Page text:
About a year ago, I was at a business dinner in Minneapolis. I was with a group of about 15 people, a mix of men and women. Some people I knew better than others, but there was no one there I knew very well on a personal level. During our salad course, I was asked by almost a complete stranger how long I breast-fed my children when they were babies. Ummmmmm, say what? I was taken aback and shocked by this question. Why would anyone think it is ever appropriate to ask something like that to someone they don’t know well? I try not to counter rudeness with rudeness, so I answered honestly that I had not breast-fed my children, I had bottle fed. The person then said, loudly, “Well, I just am here to let you know that I am SO TOTALLY judging you right now! I can’t BELIEVE YOU!” Ummmmmmm, again, say what????????? This person had NO knowledge of why I had made the very personal choice of what was the best way for me to feed my babies. What if I had had breast cancer and had lost my breasts, making me unable to breast feed? What if I had another medical concern? What if my children were adopted? This was extremely embarrassing for me, as it was absolutely not the place to have a discussion about my breasts and my babies and I really didn’t think my male colleagues needed to be reminded that I have breasts.
A few years ago, I was at a social gathering at a restaurant. A friend of mine brought someone they had just started dating. My friend introduced me and mentioned that I had two sons. My friend’s date asked me immediately if I had had my sons circumcised when they were born. Again, caught off guard and having had a glass or two of wine, I ignored the rudeness and honestly answered that yes, I had. This person then informed me that I had abused my children and that he, himself was still experiencing trauma from being circumcised as an infant. WOW. My sons are now ages 18 and 20 and don’t seem any worse for wear from their “trauma”.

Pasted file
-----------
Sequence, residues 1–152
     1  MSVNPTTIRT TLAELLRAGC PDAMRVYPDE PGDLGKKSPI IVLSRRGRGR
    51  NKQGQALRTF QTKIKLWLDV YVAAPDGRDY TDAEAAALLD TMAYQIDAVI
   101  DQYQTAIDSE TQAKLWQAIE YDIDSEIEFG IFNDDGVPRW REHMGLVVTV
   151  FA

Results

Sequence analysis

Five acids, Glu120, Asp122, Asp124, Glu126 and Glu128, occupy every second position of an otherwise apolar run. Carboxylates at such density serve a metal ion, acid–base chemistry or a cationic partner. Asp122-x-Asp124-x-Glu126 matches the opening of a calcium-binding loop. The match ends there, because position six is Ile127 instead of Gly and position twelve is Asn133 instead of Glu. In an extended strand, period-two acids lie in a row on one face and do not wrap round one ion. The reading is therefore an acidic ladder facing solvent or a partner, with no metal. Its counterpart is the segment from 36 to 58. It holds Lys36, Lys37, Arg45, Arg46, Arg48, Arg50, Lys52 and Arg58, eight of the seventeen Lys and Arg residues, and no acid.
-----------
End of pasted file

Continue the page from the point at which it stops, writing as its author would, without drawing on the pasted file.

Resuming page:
Why on Earth is it anyone’s business to pry into how I raise and feed and medicate my children, as long as my children were and are safe, fed well, and healthy? Mom shaming is alive and well and rampant in this country. I see celebrities crucified on social media for being HUMAN while parenting their children. Kissing your baby? You’re sexualizing the child. Breast feeding in public? Too natural, you exhibitionist! Bottle feeding? You’ll never bond with your baby — NEVER. Using disposable diapers? You are personally responsible for all environmental problems. Using cloth diapers? You are a granola mom who probably doesn’t bathe their children.
Being a mom is a rewarding, but tough, gig. The very people that moms should be able to count on for support — other moms — are often the voices that are the most judgmental and harsh. No one is 100% confident when they become a parent, and there is no BEST way to parent. In my experience, most moms are doing the very best they can to juggle the challenges of raising a child, working in and outside their homes, and dealing with financial and other family responsibilities, all while sleep deprived and without the benefit of an instruction manual.
This week, I had to reassure a close friend of mine that she wasn’t a “bad mom” because she had failed to post a photo of her and her baby on Facebook for Mother’s Day. I, for one, am THRILLED that Facebook wasn’t around when I was a new mommy. I had my hands full just being with my baby and taking care of him and would have failed miserably at posting an obligatory photo every time society put pressure on me to do so. I carried my youngest on my hip until he was in at least first grade. Guess what? He can walk, he graduated from high school, and he is not emotionally stunted. My oldest wasn’t fully potty-trained until he was three. OMG, how am I not in jail???? Newsflash: my mother was right — he did not go to kindergarten wearing a diaper. Not even close.
So, the moral of my story? LIGHTEN THE HELL UP! BACK OFF! Unless you’re specifically asked for your opinion, don’t offer one. And for the love of GOD, don’t mention other people’s breasts and other private areas in mixed company, ever. Instead — keep your mouth shut, and if you must talk, try offering words of love and support, not condemnation. In short, be kind. Just always be kind.